Monday, January 4, 2010
Peggy Noonan looks back at the failures of the past decade as examples of institutions forgetting their missions, foremost among these the Catholic Church:
The Catholic Church, as great and constructive an institution as ever existed in our country, educating the children of immigrants and healing the weak in hospitals, also acted as if it had forgotten the mission. Their mission was to be Christ's church in the world, to stand for the weak. Many fulfilled it, and still do, but the Boston Globe in 2003 revealed the extent to which church leaders allowed the abuse of the weak and needy, and then covered it up.
It was a decades-long story; it only became famous in the '00s. But it was in its way the most harmful forgetting of a mission of all, for it is the church that has historically given a first home to America's immigrants, and made them Americans. Its reputation, its high standing, mattered to our country. Its loss of reputation damaged it. And it happened in part because priests and bishops forgot they were servants of a great institution, and came to think the great church existed to meet their needs.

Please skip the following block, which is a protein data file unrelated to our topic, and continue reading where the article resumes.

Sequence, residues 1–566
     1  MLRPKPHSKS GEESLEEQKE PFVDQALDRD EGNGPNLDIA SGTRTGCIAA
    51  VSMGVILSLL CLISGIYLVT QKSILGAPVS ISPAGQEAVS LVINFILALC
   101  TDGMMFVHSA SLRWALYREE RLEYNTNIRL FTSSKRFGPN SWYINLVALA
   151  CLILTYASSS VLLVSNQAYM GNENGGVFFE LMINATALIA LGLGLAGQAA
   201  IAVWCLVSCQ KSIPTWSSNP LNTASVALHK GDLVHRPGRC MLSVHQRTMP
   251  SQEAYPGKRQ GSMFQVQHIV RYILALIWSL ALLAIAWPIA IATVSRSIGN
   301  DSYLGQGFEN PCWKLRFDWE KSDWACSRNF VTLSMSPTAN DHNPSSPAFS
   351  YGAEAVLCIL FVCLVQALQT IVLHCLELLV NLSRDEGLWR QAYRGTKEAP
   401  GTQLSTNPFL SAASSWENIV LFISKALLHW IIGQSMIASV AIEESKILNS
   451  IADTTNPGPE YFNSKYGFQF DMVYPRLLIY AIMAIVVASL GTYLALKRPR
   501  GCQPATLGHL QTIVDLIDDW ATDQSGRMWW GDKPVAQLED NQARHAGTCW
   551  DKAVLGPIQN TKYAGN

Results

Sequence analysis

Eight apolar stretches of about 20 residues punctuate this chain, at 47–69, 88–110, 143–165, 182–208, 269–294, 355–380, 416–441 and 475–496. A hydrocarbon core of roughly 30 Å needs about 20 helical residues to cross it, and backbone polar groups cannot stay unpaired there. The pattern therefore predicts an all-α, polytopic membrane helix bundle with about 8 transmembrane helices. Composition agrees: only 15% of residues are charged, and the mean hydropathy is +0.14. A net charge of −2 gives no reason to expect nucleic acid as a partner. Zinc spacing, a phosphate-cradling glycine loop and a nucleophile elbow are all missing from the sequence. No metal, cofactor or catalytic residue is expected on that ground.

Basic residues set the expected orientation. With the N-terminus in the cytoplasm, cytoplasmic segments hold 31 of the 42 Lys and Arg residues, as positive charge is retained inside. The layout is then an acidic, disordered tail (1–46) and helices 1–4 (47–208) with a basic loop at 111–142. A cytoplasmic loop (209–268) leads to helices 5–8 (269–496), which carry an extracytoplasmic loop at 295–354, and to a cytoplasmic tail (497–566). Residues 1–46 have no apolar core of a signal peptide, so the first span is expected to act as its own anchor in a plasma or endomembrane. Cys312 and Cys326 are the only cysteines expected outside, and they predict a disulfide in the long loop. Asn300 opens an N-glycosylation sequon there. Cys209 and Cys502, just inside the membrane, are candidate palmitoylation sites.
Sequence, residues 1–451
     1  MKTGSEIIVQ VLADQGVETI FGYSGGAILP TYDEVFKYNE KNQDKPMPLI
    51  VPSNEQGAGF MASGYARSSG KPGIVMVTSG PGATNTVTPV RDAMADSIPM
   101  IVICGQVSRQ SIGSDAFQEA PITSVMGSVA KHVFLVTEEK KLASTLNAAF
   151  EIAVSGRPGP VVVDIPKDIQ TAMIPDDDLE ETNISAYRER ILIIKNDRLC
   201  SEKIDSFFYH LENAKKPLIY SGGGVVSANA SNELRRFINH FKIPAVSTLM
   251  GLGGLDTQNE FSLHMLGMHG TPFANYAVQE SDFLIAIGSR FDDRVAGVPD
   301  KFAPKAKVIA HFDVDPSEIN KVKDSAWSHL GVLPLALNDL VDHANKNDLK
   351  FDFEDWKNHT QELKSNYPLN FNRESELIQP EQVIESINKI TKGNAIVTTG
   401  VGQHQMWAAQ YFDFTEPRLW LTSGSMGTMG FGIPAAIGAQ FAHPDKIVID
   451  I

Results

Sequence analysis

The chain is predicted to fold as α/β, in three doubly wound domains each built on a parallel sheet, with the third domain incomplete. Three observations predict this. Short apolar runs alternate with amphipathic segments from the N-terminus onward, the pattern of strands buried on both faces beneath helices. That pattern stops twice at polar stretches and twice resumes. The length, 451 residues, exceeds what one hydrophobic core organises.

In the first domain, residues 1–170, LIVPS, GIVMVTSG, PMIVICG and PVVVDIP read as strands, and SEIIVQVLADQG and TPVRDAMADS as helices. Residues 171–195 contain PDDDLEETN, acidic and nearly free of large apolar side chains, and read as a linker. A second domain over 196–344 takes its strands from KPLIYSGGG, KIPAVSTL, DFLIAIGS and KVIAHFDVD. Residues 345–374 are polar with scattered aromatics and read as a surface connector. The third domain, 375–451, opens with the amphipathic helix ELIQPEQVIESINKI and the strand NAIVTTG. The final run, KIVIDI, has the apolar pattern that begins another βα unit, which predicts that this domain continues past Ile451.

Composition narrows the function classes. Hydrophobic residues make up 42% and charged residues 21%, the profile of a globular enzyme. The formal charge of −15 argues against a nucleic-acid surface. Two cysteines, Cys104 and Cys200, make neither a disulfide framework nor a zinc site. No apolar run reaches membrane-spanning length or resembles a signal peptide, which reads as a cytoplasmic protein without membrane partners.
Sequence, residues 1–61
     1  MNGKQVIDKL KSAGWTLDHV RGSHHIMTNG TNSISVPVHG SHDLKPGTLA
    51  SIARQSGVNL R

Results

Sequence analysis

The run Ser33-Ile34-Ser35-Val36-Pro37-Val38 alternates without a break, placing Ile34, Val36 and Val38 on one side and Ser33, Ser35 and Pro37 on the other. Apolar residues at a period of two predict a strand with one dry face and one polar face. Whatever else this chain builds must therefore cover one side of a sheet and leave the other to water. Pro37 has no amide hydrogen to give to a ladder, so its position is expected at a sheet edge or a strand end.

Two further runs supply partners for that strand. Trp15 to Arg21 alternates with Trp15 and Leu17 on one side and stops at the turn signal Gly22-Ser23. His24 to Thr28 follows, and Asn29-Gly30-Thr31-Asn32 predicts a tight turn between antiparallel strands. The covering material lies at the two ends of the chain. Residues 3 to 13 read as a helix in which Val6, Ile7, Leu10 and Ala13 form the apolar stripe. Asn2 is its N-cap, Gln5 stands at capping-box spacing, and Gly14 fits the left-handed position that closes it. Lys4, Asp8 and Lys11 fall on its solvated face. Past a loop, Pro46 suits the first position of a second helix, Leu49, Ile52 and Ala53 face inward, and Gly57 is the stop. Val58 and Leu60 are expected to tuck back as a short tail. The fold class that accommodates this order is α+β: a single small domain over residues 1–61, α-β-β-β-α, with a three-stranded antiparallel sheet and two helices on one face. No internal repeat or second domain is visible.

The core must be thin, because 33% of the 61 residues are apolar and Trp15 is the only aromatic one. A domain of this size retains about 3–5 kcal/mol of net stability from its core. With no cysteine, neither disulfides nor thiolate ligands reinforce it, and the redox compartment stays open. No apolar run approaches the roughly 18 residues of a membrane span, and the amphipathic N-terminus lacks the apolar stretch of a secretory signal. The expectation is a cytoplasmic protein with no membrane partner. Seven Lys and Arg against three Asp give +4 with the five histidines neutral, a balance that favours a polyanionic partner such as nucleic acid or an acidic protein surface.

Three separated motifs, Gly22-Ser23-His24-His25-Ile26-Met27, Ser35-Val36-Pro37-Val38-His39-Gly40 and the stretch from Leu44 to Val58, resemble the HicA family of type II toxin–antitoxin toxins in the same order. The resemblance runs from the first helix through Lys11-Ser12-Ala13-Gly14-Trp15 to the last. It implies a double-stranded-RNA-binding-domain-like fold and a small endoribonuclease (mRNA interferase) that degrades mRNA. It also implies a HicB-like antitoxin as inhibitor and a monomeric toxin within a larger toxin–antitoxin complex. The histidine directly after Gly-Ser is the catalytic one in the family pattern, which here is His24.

I wonder whether a similar indictment can be leveled against American law schools, including Catholic law schools. Has the modern law professor shown a tendency to think that the law school exists to meet his or her needs? Have we let the reflected glory of the US News rankings become our raison d'etre, overlooking debt-laden students and minimizing the role we should be playing in their personal and professional formation?